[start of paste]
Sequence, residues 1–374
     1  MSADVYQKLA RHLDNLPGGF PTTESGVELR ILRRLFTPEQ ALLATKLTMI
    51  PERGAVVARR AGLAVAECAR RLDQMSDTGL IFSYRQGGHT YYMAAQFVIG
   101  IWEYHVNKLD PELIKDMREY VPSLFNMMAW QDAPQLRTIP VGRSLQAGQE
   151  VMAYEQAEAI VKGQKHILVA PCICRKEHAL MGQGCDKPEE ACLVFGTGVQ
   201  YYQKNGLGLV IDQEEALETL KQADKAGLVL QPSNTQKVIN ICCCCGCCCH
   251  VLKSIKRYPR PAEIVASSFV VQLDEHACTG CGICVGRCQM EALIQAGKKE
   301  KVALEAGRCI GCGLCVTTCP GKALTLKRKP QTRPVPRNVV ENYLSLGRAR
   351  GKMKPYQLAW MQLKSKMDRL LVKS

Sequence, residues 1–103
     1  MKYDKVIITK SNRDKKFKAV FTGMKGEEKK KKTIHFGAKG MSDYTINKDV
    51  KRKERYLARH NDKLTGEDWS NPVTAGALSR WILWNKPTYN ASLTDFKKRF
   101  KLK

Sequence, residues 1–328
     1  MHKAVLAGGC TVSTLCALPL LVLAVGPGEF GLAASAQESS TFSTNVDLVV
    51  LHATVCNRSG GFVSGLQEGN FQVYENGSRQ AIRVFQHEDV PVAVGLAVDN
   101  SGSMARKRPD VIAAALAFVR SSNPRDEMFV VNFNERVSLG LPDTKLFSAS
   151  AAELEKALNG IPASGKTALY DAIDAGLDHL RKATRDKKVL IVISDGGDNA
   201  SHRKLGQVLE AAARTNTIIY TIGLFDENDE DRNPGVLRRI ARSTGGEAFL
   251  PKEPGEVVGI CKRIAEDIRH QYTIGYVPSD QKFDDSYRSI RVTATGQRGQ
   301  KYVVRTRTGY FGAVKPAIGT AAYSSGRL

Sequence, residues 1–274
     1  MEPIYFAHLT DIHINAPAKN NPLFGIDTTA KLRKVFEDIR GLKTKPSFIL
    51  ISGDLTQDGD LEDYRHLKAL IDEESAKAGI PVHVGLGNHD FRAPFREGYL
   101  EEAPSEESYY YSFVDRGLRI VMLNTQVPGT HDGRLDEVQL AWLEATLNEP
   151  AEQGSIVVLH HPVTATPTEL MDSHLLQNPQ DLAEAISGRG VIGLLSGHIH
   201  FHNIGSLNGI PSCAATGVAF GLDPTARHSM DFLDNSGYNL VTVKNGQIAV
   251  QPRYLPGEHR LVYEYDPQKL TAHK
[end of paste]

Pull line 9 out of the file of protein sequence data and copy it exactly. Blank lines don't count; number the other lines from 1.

   351  GKMKPYQLAW MQLKSKMDRL LVKS